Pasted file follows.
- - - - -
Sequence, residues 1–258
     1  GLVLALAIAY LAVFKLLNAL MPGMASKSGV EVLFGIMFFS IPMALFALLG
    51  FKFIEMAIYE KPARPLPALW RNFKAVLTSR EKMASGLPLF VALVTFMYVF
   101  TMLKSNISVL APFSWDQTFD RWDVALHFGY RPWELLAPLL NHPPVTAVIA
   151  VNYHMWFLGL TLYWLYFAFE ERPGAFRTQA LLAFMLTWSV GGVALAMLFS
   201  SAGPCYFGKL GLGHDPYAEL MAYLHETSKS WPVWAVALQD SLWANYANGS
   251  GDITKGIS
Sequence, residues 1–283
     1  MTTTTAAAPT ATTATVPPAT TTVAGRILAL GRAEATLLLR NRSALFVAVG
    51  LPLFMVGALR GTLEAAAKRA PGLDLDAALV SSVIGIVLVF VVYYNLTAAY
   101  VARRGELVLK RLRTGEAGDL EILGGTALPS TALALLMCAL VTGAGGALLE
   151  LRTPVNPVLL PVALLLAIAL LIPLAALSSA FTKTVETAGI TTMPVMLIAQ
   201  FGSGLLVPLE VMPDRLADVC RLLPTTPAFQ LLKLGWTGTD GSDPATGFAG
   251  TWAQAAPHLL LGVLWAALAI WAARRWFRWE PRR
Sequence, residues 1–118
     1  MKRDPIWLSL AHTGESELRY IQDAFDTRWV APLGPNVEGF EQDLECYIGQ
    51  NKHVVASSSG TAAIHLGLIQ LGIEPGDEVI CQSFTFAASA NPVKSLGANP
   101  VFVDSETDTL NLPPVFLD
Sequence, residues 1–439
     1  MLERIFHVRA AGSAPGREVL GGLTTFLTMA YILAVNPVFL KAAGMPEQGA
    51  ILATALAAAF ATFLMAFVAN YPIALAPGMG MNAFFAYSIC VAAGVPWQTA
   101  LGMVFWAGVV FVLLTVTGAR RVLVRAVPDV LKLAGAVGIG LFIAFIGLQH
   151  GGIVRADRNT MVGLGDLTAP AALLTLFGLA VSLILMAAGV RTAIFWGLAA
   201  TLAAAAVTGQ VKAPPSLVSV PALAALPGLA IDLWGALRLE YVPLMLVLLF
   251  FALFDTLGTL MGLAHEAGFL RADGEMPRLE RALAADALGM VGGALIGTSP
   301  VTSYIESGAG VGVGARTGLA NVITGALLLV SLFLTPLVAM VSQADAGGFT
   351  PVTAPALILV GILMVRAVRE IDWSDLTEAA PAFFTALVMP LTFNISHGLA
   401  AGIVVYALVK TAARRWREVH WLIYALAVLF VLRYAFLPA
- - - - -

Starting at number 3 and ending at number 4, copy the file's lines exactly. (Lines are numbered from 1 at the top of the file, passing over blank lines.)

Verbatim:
    51  FKFIEMAIYE KPARPLPALW RNFKAVLTSR EKMASGLPLF VALVTFMYVF
   101  TMLKSNISVL APFSWDQTFD RWDVALHFGY RPWELLAPLL NHPPVTAVIA